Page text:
A European Starling perches on a snag.

Starling Finds a Snag

Our tree guy must have thought I was nuts.

That old, hollow tree is too weak to keep, he said. I nodded, then asked, can we remove just the canopy? Without branches to catch heavy wind and snow, I felt the rest of the tree could safely stand. I was hoping we could save my favorite snag.

The tree guy agreed and did as I asked. But I’m pretty sure he thought the result looked a little odd.

Here’s what remains of our tree.

A tree with its canopy cut off.

It looks like a giant slingshot overlooking Lake Allegan. Why would I want such an ugly sight impeding my view of the lake? In the twenty or so years since moving here, we’ve watched squirrels and raccoons raise their kids in the tree’s many cavities.

My favorite squirrel show was when a mama couldn’t convince her young ones to leave the nest. After her fruitless cajoling, she resorted to yanking them out one by one.

One year, raccoon kits entertained us as they ventured gingerly from their cavity and piled onto a limb hanging some 80 feet over the water below.

Another year, a resident squirrel gamely dissuaded wood ducks from nesting in this tree.

The tree has also been an occasional perch for eagles and a frequent stop for nuthatches, tufted titmice, several kinds of woodpeckers—you name it.

My goal in severing those limbs so oddly was to encourage the limbs’ top-down decay. Another nearby snag had become a broken, hollow trunk fully open to the sky. That snag eventually fell, but for several years after the top broke off, it was center stage in what I call Nature’s Daily Wildlife Show. Birds, raccoons, squirrels, and skinks were drawn to that open top and explored the tree’s interior. Would the slingshot tree become a similar stage?

The tree was trimmed last fall. Squirrels wintered inside. I believe there was a nest in the snag’s lower portion. And… as I hoped, its ungainly arms have already welcomed inquisitive visitors. Take a look:

The starling stayed on the tree for more than an hour. It dove into that hole five or six times, always exiting from the other side of the limb.

A starling peeks from behind a dead tree limb.

I suspect it was a male scoping out nesting sites. I think he was singing to a female who zipped in just once that I saw. She entered the hole and flew out almost immediately. My guess: She judged the cavity unsuitable. Was it the hole in the roof that deterred her?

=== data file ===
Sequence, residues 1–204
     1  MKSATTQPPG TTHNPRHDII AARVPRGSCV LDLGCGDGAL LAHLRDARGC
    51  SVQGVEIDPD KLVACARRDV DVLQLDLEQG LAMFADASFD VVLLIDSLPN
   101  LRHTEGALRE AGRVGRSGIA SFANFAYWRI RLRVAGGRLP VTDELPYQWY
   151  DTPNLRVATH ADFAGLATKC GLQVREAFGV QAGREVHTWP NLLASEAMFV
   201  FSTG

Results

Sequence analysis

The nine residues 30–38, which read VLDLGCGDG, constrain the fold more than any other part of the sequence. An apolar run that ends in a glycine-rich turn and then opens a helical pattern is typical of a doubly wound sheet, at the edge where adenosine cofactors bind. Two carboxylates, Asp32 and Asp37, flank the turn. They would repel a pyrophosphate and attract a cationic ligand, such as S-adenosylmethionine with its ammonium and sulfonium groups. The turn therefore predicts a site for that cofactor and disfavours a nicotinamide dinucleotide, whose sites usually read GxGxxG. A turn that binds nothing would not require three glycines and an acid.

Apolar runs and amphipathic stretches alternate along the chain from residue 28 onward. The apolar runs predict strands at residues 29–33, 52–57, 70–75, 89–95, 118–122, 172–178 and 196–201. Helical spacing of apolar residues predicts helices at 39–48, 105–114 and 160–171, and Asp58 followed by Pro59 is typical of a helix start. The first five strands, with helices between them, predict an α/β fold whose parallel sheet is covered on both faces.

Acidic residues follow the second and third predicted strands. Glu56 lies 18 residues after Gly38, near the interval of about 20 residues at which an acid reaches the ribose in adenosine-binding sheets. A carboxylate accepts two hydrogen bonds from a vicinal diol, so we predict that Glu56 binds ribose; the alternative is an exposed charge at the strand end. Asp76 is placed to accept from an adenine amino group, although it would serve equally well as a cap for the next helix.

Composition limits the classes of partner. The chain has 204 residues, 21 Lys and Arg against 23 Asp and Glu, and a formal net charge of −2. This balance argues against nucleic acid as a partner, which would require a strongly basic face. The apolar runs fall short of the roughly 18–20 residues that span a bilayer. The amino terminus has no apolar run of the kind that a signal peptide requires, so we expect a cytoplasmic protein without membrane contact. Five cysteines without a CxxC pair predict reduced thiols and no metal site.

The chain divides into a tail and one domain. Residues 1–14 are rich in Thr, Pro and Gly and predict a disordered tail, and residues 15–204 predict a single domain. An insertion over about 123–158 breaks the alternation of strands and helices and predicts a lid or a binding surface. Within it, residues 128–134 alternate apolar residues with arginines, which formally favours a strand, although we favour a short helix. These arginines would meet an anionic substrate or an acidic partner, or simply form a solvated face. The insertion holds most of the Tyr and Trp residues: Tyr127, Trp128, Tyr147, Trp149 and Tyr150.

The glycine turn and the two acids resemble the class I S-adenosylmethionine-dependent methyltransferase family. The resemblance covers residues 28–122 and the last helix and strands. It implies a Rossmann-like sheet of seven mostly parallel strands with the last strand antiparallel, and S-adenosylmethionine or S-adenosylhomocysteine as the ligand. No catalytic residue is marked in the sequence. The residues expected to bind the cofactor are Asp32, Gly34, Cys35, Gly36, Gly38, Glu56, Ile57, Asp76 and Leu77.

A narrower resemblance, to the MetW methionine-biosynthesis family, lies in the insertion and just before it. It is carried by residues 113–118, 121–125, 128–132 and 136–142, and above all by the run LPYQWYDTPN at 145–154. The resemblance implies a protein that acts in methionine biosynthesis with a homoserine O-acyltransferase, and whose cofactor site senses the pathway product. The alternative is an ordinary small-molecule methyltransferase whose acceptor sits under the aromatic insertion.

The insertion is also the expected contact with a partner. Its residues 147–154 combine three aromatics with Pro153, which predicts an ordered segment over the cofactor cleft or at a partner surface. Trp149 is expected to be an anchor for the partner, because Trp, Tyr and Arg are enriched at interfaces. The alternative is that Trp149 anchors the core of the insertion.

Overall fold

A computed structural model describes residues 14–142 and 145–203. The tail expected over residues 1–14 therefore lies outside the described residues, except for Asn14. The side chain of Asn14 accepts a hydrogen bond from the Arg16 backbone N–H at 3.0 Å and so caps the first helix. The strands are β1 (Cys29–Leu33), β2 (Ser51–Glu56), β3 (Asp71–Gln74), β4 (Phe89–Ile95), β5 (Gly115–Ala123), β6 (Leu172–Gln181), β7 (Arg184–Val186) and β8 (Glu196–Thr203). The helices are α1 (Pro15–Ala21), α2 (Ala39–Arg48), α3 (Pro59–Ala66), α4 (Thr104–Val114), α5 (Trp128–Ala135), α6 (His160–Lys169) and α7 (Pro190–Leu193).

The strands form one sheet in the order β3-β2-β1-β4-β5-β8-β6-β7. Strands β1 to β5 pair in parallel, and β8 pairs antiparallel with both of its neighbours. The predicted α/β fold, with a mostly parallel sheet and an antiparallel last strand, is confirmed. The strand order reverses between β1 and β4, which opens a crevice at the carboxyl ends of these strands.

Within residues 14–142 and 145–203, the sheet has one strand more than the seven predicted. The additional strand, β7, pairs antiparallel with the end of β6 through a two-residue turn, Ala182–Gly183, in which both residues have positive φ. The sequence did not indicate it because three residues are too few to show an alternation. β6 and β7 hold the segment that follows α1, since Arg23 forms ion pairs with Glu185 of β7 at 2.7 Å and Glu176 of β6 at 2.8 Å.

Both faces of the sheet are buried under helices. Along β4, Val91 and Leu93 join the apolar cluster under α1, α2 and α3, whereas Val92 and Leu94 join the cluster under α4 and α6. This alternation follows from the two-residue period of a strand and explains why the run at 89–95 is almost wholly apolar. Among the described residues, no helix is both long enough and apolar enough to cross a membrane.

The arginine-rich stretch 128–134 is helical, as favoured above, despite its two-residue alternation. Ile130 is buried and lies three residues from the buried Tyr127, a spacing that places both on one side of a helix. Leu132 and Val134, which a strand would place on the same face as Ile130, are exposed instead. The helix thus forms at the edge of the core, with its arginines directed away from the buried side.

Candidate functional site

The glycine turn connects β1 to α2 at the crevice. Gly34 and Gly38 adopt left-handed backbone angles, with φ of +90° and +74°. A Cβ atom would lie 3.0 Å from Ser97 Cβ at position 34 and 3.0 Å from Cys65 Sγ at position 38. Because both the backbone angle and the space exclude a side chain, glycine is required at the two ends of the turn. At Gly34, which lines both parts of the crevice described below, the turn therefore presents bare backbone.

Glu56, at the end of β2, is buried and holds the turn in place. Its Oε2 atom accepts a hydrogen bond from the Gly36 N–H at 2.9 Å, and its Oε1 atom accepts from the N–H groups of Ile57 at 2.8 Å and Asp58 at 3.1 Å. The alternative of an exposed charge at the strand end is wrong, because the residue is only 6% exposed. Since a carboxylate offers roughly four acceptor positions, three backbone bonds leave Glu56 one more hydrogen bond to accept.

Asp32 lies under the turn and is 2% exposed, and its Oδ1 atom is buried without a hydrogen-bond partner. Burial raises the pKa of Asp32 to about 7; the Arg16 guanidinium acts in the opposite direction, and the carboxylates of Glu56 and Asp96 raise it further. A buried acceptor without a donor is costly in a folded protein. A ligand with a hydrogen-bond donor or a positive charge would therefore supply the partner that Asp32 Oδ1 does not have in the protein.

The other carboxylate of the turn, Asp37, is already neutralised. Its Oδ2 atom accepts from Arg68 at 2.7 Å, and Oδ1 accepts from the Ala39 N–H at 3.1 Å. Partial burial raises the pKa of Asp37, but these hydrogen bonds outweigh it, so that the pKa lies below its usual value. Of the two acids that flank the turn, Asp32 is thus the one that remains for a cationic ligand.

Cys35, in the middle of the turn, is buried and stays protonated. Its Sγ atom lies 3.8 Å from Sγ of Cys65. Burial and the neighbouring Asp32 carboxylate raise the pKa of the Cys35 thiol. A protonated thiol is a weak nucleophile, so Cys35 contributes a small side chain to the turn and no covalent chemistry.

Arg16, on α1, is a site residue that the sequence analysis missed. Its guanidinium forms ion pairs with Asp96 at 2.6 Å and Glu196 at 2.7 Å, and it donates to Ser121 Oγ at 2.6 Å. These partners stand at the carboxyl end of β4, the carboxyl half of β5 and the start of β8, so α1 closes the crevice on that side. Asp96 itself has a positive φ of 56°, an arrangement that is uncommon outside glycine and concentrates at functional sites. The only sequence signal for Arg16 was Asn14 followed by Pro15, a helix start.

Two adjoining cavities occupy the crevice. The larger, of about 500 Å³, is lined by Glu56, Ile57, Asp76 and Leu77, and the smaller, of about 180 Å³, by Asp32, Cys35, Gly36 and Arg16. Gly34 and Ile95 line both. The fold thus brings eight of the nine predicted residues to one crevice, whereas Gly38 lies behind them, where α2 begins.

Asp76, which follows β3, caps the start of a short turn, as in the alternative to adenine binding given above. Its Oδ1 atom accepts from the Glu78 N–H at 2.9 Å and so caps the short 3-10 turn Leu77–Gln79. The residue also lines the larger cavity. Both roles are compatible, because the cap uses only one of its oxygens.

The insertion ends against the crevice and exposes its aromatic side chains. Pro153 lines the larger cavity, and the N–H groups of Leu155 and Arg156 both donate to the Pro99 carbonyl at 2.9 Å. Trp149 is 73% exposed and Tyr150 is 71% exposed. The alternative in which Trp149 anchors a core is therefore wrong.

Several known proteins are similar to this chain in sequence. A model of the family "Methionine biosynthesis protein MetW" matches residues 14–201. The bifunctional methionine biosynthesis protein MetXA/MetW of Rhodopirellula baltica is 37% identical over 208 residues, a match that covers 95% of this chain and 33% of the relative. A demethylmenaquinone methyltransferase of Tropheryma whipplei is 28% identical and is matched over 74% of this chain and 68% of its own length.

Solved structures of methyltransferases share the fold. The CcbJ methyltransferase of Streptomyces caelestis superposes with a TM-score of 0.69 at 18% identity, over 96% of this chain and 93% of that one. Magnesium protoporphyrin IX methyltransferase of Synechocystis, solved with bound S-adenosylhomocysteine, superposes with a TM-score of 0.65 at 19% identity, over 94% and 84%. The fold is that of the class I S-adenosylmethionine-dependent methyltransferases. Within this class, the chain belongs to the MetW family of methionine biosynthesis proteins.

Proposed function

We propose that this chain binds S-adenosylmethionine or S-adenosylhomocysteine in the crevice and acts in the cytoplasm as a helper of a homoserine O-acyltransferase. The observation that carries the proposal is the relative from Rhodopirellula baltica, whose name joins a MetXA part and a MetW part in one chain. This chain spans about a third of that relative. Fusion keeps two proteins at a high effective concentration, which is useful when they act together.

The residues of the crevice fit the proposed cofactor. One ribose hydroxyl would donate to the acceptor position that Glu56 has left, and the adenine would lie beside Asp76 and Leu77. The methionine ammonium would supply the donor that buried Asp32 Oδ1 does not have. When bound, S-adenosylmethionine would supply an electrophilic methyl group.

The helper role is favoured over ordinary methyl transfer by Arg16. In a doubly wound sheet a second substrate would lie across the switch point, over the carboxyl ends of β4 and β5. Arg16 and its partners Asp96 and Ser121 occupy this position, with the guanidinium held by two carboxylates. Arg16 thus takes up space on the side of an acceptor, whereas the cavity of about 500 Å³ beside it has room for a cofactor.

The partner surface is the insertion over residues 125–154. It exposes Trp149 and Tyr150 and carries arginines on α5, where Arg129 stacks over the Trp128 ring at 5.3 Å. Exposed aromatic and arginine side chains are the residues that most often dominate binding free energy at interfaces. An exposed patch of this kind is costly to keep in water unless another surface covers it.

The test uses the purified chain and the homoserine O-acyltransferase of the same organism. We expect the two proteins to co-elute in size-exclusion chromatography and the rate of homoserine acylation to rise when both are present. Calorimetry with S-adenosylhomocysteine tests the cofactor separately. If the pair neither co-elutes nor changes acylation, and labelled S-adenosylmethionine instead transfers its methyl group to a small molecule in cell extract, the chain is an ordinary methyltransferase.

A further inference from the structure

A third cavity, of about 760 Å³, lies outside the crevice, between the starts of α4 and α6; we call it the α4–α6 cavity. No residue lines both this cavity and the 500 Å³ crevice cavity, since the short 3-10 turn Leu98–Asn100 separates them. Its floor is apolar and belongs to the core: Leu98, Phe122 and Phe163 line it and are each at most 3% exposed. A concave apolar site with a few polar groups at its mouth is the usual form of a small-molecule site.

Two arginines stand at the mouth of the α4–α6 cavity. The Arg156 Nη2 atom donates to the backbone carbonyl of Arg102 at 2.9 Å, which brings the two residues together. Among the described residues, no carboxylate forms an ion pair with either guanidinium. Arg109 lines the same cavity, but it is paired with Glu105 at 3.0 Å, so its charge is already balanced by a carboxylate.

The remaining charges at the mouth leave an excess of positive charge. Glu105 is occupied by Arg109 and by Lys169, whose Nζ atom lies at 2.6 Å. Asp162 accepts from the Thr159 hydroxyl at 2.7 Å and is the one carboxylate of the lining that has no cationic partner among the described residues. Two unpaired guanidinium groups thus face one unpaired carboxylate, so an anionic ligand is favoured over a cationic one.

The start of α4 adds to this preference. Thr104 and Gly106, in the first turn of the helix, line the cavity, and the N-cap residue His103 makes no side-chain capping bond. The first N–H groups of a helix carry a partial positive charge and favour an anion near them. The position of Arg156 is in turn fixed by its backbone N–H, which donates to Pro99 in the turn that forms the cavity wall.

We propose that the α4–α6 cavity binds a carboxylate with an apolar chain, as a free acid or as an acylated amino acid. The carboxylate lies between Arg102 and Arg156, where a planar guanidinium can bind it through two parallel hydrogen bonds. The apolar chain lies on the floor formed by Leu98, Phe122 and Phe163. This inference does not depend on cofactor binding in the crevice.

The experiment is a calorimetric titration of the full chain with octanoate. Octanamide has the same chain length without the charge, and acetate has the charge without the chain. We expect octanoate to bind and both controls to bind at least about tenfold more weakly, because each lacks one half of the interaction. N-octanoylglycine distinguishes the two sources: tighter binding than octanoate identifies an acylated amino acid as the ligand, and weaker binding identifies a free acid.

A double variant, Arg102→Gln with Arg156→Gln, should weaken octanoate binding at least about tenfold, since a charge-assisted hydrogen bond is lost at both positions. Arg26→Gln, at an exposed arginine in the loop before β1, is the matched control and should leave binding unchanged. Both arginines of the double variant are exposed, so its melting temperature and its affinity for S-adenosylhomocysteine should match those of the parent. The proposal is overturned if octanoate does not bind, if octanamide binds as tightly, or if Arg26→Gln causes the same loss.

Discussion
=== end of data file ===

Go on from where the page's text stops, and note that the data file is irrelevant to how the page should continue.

Soon after the starling left, a wood duck pair visited the snag’s lower portion.

Male and female wood ducks on top of a dead tree.

Were they shopping for nest real estate, too? Maybe. But I’ve also seen wood ducks poke into cavities and pull out acorns stored by squirrels. Either way, they left after just a few minutes.

I think my save-the-snag decision was a good one. I’m looking forward to lots of summer wildlife shows!

Resources and a Recommended Kids’ Book

The Audubon Field Guide’s European Starling page gives a good profile of this entertaining bird.

I should acknowledge that the European Starling is an invasive species. One of the reasons it’s so successful is its intelligence. Check out this story by Audubon’s Alaska chapter: New Study Shows European Starlings to Be Crazy Smart.

My book recommendation, How Starling Got His Speckles by Keely Parrack and illustrated by Antonio Boffa, is a beautiful picture book that weaves starling facts into a story about the power of sticking together. Readers learn about murmuration—giant gatherings that starlings are famous for—and about the bird’s range, songs, and speckles! The text is fun to read and the illustrations are simply gorgeous. This is a terrific book to read with your littles.

Image Credits: Carol Doeringer.

10 thoughts on “Starling Finds a Snag”

  1. I always love reading your nature posts – and this one was timely. Last week one of our snags fell – a very sudden snap and crash. Fortunately it fell away from the garden and hit nothing but underbrush

    1. Snags provide such entertainment, but they’re essential to ecology, too. I’m glad we share a love of both benefits !

  2. Great post Carol. With droughts in Texas over the past many years now, we have lost so many trees. Most are in the woods on our property but one snag is right in the front yard. My husband calls it my tree cause I won’t let him cut it down. Lots of woodpeckers visit and squirrels. Not as varied a group as your snag but I do enjoy it.

    1. Snags are truly the gift that keeps on giving. I love watching woodpeckers. An ornithologist once told me she finds they have lots of personality. I said, ‘so I’m not imagining that?’ after watching a nesting pair and their kids. The ornithologist laughed and assured me I wasn’t. I hope you see lots of woodie fun in your snag!

    1. Karen, thank you. I do wonder what the neighbors and boaters passing by think of that slingshot!

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